I’m from this area and it’s been my goal to work at B Street. I keep track of what’s going on at the theatre. I write a lot of comedies now, but most are for young folks and Small Steps is very much not; and besides, Small Steps tries to balance camp and heart while also being an actor driven show. I feel that style fits very well with the B Street Theatre.

What makes this Festival different from other new works festivals in the country?

The possibility of having a production. Many theatres look to New York or Humana or Williamstown or known playwrights for new productions, and many festivals only look to develop or showcase work. The fact that B Street Theatre is guaranteeing a production is unique.

What’s the best part of the day for writing?

Early in the morning or late at night.

Who are the playwrights that influence you?

My mentors Steven Dietz and Kirk Lynn and Suzan Zeder; and then Annie Baker, Paula Vogel, Mary Zimmerman, and Tony Kushner. I’m also inspired by my friends—Bay Area Playwright Christopher Chen, LA Playwrights Brenda Varda and Meghan Brown, Austin Playwrights Alison Gregory, Sarah Saltwick, Pat Shaw, and Reina Hardy.

What is something you do to get through writer’s block?

Free write!

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Small Steps will be performed this Friday and Saturday. Come see this imaginative, fun adventure, and remember, if you see all four staged readings, you get vote on which play you’d like to see performed next year. Stay tune for tomorrow’s blog when we talk to Robert Caisley. 

The Happy Trees of The Ladies Foursome with Samantha Reno


In revisiting a past success the question becomes how can we make it lively for patrons who’ve seen the production before? We can’t touch the script, but we do have a great deal of creative freedom when it comes to set design. Resident Scenic Designer Samantha Reno worked on the original production of The Ladies Foursome in 2014. She can relate to what patrons are going through, which is why she embraced the challenge by making 18 watercolor paintings that correspond to each hole of golf in the play.  The following is an interview with Samantha as she offers insight into process as a scenic designer.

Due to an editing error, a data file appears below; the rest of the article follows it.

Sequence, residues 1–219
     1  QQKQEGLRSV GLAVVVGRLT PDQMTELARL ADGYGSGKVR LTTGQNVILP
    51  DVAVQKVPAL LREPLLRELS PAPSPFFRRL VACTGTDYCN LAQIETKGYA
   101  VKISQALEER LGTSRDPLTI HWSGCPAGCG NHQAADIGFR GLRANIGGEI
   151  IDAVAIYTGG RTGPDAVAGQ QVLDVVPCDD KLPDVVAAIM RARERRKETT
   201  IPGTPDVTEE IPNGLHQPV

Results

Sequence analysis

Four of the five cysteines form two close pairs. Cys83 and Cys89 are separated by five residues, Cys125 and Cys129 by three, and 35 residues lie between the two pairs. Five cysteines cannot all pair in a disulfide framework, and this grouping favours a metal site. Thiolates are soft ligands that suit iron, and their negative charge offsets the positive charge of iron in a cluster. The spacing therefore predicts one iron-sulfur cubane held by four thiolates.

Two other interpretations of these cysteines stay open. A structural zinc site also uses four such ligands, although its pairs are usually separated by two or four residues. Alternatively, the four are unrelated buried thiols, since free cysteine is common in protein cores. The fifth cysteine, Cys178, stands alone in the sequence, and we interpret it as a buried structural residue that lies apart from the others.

You worked on the set for the 2014 production of The Ladies Foursome. What were some of the limitations you had to overcome with that set design?

Oh, where to begin? In The Ladies Foursome the audience is invited to peek into the lives of four women over 18 holes of golf, and the playwright more or less structured the play as one scene per hole, or eighteen separate scenes. In the old space this meant we had no choice but to the strip the production down to the bare basics of storytelling because it simply wasn’t possible to do any sort of scene transitions— or more than one original look— without wing space, a fly system, a tall grid, or even experiment too much with the platform composition.

Rendering of the 2014 production

So what could we look at as an audience member under those circumstances? Well, I wanted to make sure that whatever I designed was pleasing to the eye, and that the space was at least dynamic enough to move four actors around the stage in a way that suggested they were moving through a golf course in a 23-foot deep by 16-foot wide space— not an easy task. We ended up installing artificial grass and cannibalizing some leftover green carpet to sculpt a fairway. To offset the green, I designed some stylized tree flats with blues and violets. Along with a cheerful backdrop, it was a successful look as it blended elements of realism with my own style of painting.